Investors who are building a future nest egg have time on their side and can ride out the sharp fall in risk assets. The situation for investors who are withdrawing an income from a self-invested personal pension is more nuanced.
Throwing a grenade into a bloodbath conjours visions of a gory scene from a Sam Peckinpah or Quentin Tarantino movie. But this was the apt analogy used by one financial analyst to describe Black Monday on 9 March. Global markets, having already executed one of the swiftest retreats since the Great Depression on Covid-19 fears – reacted violently to the oil price war launched by Saudi Arabia over the preceding weekend.
High-profile, large investment trust launches have a nasty habit of not ending well for eager private investors in thrall to the cult of a ‘star manager’ or attracted to an investment story that turns out to be less exciting than first thought.
The stars are aligning – but the pattern forming does not look propitious for developed market equities, particularly the US after its blistering run over the past decade. Meanwhile, long-suffering investors in emerging markets, relative to global developed markets, are set to have their faith repaid.
It is perhaps not surprising to see several funds and trusts managed by Baillie Gifford included among the Rated Fund laggards over the three months to 30 September.
The Edinburgh-based investment partnership makes no bones about its liking for innovative companies – quoted and unquoted – that it believes can deliver sustainable growth in profits for years to come, and it is prepared to hold such companies through periods of market stress.
Only one fund broke the 10% return barrier in the volatile third quarter to end-September. Following its top-spot showing in the first half of the year, LF Ruffer Gold was again the top performing fund with a 13.9% uplift. The fund invests in a 62-strong portfolio of gold and other precious metal-mining companies around the world.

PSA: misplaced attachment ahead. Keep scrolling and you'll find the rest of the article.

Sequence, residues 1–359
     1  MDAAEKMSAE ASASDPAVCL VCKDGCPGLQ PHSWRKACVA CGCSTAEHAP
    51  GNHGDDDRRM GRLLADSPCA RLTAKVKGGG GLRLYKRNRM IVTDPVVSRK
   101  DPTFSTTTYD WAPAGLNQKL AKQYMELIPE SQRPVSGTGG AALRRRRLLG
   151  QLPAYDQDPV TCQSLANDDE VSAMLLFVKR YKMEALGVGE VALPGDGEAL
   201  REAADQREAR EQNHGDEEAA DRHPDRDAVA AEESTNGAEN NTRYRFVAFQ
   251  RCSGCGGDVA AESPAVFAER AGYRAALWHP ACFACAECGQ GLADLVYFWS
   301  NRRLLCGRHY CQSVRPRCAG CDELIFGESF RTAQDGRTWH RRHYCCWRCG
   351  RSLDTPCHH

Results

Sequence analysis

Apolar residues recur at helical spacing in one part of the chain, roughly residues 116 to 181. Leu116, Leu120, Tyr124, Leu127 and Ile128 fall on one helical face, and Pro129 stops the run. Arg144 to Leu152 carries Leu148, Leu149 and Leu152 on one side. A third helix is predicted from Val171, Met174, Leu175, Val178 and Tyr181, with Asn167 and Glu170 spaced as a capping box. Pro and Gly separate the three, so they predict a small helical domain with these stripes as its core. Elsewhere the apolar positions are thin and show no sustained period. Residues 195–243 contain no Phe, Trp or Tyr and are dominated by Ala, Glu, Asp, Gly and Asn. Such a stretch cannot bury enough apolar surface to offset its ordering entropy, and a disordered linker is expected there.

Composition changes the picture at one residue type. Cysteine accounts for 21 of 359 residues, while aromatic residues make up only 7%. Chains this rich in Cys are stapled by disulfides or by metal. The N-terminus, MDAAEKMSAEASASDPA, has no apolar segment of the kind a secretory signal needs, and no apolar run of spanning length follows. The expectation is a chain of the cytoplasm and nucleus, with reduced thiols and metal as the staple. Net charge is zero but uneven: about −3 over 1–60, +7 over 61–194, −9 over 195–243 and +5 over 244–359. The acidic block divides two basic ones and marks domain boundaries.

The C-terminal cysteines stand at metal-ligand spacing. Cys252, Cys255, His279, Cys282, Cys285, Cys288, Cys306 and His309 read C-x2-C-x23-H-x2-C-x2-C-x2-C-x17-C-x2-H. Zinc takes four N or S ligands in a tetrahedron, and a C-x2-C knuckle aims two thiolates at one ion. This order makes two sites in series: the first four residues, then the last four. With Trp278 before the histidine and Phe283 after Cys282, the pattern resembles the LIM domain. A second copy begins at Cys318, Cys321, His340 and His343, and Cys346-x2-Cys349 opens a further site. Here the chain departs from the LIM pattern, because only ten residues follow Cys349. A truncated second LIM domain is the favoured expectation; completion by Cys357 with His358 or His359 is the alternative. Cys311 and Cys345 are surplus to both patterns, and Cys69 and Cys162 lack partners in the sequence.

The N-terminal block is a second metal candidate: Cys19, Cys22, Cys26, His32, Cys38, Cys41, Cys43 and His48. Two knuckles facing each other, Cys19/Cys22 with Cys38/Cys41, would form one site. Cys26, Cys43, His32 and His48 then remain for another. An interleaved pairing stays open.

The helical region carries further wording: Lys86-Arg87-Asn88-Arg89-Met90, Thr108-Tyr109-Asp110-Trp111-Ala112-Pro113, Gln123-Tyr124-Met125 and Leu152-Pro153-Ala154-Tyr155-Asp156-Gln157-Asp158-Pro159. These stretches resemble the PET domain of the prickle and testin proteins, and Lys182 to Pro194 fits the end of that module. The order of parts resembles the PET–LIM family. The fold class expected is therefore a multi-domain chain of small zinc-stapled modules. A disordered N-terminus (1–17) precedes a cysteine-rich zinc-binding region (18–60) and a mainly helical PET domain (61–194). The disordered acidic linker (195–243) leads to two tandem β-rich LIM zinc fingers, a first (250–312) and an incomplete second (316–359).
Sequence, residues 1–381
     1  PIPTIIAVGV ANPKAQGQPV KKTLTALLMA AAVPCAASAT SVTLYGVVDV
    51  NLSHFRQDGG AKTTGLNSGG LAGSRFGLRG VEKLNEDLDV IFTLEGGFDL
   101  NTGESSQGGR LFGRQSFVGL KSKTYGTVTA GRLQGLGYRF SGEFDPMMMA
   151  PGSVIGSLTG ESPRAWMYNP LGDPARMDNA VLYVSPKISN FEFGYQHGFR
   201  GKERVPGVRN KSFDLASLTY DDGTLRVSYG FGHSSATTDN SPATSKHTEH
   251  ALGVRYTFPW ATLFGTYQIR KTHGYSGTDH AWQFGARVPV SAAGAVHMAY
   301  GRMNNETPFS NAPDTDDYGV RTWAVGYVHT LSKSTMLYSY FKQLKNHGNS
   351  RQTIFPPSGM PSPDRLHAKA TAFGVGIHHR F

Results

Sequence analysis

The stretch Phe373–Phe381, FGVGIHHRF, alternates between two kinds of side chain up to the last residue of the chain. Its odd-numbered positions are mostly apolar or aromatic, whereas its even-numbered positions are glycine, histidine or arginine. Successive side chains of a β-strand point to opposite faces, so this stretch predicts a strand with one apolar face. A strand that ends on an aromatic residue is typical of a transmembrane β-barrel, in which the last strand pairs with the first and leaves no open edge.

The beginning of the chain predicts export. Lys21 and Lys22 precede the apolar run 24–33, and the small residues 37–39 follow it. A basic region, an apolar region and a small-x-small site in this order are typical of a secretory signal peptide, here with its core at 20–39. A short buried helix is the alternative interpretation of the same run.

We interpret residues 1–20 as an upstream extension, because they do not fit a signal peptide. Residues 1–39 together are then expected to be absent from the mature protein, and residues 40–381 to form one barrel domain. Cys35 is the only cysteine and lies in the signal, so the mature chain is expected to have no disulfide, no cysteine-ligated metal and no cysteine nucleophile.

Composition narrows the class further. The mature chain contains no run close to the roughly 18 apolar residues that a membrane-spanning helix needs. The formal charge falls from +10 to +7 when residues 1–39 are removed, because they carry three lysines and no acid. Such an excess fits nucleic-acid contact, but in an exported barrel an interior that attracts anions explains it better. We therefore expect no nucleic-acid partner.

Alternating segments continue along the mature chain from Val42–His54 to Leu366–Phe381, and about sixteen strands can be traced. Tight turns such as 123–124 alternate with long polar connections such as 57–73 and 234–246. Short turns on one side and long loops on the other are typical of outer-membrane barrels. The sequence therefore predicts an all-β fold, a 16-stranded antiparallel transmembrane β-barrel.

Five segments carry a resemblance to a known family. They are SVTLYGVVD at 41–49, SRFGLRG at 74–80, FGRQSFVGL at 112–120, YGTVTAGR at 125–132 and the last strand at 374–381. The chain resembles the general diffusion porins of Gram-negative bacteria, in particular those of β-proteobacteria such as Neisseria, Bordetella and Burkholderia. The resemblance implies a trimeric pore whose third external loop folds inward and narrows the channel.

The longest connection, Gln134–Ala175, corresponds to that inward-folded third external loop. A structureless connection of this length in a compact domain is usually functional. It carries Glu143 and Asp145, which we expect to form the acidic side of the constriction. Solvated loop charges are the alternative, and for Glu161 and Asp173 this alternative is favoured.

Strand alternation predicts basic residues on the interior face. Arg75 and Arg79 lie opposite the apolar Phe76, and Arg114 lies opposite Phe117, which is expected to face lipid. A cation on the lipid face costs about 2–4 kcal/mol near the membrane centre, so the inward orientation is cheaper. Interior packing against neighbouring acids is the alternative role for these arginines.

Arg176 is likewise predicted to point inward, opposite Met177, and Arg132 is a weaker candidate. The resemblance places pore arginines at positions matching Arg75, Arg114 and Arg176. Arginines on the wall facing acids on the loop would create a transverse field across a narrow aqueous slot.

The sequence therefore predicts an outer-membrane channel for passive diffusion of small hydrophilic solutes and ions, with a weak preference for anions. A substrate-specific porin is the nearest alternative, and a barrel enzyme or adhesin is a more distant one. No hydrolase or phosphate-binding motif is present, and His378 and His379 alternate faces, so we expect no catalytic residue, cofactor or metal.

The concept of easy money has resonated throughout Money Observer’s 40-year history. First came the virtual guarantee of immediate share price gains from mass privatisations in the 1980s; then came the windfalls from building society demutualisations as the decade turned; and then the spoils from dotcom fever in the late 1990s, when any company that came to market could raise capital, burn through it and make its stockmarket backers rich, albeit fleetingly.
The asset manager for a changing world” seems a fitting description of BNP Paribas Asset Management, following its recent research paper on renewable energy versus oil. In ‘The death toll for petrol’, Mark Lewis, the investment bank’s global head of sustainability research, sets out a compelling case for long-term investment in renewable energy for transportation, when assessed in terms of the energy return on capital invested – shortened to EROCI.
Most Money Observer readers will be familiar with the table-topping exploits of Terry Smith’s global Fundsmith Equity fund, but perhaps less so with the sustainable version. Fundsmith Sustainable Equity got off to a comparatively slow start when it launched on 1 November 2017, but it has recently mirrored the performance of its much larger sister fund.